- Cardiac catheterization is a procedure to check how well your heart is working. It is also used to measure pressure in different parts of your heart. A tube is put into your heart through a blood vessel in your leg or arm. You may be given contrast liquid to help your heart show up better in pictures. Tell the healthcare provider if you have ever had an allergic reaction to contrast liquid.
How is an ASD treated?
Treatment may depend on your symptoms and how large the ASD is. You may need any of the following:
- Medicines may be given to control your heartbeat or decrease stress on your heart. Medicine may also be given to lower pressure in your lungs, prevent blood clots, or remove extra fluid.
- Cardiac catheterization may also be used to close the ASD. The catheter is placed into an artery in your groin, neck, or arm and guided up to your heart. A small stitch, patch, or plug is used to close the hole.
- Open heart surgery may be needed to close the ASD with stitches, a patch, or a plug.
What can I do to care for myself?
- Maintain a healthy weight. Being overweight can increase your risk for high blood pressure, diabetes, and coronary artery disease. These conditions can make your symptoms worse. Ask your healthcare provider how much you should weigh. Ask him or her to help you create a weight loss plan if you are overweight.
- Do not smoke. Nicotine and other chemicals in cigarettes and cigars can cause lung and heart damage. Ask your healthcare provider for information if you currently smoke and need help to quit. E-cigarettes or smokeless tobacco still contain nicotine. Talk to your healthcare provider before you use these products.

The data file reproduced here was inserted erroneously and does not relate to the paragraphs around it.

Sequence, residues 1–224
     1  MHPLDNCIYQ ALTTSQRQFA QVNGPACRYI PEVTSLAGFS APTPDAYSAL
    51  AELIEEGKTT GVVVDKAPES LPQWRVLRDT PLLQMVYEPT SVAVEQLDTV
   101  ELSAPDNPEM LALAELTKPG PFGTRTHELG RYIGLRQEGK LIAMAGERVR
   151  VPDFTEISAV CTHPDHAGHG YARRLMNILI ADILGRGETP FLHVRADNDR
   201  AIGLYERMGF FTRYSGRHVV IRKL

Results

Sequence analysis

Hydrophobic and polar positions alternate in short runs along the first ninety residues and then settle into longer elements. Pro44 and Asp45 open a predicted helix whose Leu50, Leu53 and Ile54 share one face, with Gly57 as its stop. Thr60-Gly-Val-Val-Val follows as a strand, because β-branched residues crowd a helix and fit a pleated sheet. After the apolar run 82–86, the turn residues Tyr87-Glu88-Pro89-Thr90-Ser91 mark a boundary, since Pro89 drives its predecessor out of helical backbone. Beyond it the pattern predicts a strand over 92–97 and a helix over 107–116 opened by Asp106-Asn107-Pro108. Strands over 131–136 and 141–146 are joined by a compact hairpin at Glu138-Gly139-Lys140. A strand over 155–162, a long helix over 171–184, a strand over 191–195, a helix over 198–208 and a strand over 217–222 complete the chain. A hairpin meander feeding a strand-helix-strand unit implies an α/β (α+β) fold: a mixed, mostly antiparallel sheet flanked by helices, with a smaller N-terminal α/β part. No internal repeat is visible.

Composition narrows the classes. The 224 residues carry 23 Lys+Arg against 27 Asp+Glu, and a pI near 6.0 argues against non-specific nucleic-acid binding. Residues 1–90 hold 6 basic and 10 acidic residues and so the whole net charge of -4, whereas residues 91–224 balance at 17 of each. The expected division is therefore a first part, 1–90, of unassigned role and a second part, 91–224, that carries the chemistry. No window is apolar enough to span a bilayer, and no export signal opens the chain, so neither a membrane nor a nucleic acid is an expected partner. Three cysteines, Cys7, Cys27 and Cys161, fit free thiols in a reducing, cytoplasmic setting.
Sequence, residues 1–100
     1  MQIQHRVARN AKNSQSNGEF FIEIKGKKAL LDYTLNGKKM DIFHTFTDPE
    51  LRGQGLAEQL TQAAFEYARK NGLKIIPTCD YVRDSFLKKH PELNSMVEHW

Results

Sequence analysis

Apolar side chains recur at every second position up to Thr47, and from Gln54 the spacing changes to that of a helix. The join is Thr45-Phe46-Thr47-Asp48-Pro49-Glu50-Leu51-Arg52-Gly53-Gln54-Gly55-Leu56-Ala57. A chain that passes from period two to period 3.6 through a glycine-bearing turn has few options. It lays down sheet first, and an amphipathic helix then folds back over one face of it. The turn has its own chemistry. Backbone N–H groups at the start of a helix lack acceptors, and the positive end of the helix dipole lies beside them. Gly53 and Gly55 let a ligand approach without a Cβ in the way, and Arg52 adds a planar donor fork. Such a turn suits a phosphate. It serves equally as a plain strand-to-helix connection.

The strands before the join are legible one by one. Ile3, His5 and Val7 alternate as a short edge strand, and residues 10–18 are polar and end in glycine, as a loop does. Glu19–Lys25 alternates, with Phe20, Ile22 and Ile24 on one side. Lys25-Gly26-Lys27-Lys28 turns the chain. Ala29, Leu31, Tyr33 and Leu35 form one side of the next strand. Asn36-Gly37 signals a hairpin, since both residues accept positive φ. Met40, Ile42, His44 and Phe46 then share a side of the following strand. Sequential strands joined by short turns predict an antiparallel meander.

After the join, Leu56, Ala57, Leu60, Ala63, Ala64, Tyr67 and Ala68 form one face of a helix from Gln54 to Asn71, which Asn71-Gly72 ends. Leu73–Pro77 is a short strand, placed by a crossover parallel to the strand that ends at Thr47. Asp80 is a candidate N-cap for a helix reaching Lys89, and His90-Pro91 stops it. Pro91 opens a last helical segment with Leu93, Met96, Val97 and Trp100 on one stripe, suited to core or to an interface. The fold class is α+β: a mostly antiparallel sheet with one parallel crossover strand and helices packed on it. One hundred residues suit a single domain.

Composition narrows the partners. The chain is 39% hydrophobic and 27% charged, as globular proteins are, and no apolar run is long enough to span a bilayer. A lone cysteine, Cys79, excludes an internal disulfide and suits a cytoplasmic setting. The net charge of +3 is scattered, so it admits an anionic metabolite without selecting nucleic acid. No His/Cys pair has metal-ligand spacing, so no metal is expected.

- Do not drink alcohol. Alcohol can increase your risk for high blood pressure, diabetes, and coronary artery disease.
- Eat heart-healthy foods and limit sodium (salt). Eat more fresh fruits and vegetables. Eat fewer canned and processed foods. Replace butter and margarine with heart-healthy oils such as olive oil and canola oil. Other heart-healthy foods include walnuts, whole-grain breads, low-fat dairy products, beans, and lean meats. Fatty fish such as salmon and tuna are also heart healthy. Ask how much salt you can eat each day.
- Ask your healthcare provider if you need to limit your activity. You may need to avoid strenuous activities to decrease symptoms. Examples include running, weightlifting, and swimming. You may also need to avoid scuba diving or hiking in high altitudes. These activities may put too much stress on your heart.